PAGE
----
BY BRIAN L. HUCHEL
Farm grounds in east central Illinois continue to slowly recover from the drought that swept across several states last year. More than two-thirds of the state — including Vermilion County — was listed in extreme or exceptional drought conditions at one point as a result of the drought conditions last year.
But winter with its rain and snow has made up for the dry summer, with above average precipitation each month since December.
With planting season right around the corner, Vermilion County farmer Steve Fourez said he is optimistic about the soil situation for local growers.
“I think that whatever we’ve had in the last six weeks has gotten the tiles starting to run a little bit,” he said. “Since we’ve not had a hard freeze, what we’re getting is filtering down in the ground more.”
He added the ground was so dry during fall tillage that it reminded him of frozen ground coffee — no moisture.
Numbers released this week by the U.S. Department of Agriculture back up that theory as reports from the eastern section of the state — including Vermilion County — show 71 percent of the topsoil ranked as having adequate moisture.
Deeper into the ground, the area subsoil is listed as 59 percent having adequate moisture.
The subsoil is an improvement in the situation compared to the end of November last year. USDA reports from Nov. 26 indicated less than 50 percent of the subsoil had adequate moisture then. In fact, 45 percent was listed as having short moisture compared to just 29 percent as of this week.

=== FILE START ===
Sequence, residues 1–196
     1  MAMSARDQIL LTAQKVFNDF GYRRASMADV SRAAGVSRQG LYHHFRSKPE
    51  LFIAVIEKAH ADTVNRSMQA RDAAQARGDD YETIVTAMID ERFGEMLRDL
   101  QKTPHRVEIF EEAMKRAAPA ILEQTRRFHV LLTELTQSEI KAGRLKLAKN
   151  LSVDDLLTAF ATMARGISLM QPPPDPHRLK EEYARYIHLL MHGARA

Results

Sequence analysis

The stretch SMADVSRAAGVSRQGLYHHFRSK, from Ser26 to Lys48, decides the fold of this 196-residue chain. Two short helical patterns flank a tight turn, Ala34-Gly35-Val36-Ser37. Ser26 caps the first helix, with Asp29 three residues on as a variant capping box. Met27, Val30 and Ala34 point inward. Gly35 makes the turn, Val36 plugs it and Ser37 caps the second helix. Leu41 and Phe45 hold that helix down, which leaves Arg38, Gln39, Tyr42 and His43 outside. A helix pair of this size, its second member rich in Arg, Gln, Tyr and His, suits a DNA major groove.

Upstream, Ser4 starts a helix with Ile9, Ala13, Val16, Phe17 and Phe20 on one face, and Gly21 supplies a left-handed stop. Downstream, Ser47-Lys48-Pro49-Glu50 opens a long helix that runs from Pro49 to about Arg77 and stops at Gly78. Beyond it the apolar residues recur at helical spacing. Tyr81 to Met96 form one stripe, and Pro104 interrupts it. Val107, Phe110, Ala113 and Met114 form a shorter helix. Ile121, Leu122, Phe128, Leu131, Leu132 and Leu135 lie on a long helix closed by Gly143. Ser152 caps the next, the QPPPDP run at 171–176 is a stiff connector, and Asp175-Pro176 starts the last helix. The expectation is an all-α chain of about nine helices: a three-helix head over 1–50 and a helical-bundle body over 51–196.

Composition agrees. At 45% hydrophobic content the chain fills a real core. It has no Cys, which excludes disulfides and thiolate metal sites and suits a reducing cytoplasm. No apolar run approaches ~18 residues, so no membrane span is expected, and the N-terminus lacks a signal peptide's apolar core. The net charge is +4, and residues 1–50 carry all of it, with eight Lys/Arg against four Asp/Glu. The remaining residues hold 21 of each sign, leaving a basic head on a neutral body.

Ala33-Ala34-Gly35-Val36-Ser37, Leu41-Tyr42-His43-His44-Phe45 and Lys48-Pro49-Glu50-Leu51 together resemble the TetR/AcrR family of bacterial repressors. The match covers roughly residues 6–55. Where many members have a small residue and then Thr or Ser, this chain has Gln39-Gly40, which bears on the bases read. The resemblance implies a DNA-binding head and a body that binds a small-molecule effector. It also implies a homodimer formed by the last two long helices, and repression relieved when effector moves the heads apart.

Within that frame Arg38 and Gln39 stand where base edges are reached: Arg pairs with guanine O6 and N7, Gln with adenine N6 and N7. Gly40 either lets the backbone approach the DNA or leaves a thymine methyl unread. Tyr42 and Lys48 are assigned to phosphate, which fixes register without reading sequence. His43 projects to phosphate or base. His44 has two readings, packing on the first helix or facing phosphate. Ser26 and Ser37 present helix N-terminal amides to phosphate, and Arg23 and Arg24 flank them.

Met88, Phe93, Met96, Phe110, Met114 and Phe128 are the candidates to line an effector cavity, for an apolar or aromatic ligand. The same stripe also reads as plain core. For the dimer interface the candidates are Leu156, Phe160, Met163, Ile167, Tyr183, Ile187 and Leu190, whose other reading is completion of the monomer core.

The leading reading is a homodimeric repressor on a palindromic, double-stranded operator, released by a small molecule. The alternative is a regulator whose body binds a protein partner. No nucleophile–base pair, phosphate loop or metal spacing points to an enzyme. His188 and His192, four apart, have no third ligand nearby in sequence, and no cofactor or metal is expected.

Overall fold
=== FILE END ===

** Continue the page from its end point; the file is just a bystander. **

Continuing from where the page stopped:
Topsoil moisture has moved down slightly as of late, with November figures actually showing 77 percent of the top soil as having adequate moisture.
Jim Angel, climatologist for the Illinois State Water Survey, said historically there is not a lot of carryover from drought years to the following spring. He noted the first two months of the year have been wetter thus far as evidenced by the standing water Angel has seen in many fields around the area.
“This is much better than it was last year,” he said. “At this time last year, it starting to dry out in many areas of the state.”
February received 3.13 inches of precipitation, more than an inch more than the average of 1.99 inches, according to numbers from Aqua Illinois. January’s precipitation totals also were up, as the Danville area received 4.08 inches of rain, double the average of 1.91 inches.
December recorded 3.04 inches of precipitation, still more than the average of 2.79 inches for the area. The area has received 8 inches of snow this season.
November is supposed to be a wet month for farmers, but rainfall fell well short of expectations. According to Aqua Illinois measurements, Danville received 1.14 inches of rain, less than half of the 3.53-inch rainfall average for November.
Fourez admitted he was nervous about soil moisture heading into the winter months.
“Everybody’s been petty glad to be getting what we’re getting” Fourez said about recent precipitation.
He added unless “something changes drastically,” he expects to be in the fields planting on a normal schedule this year.
The National Weather Service said in its three-month outlook that the best chance for Danville is temperatures higher than 52 degrees through the month of May.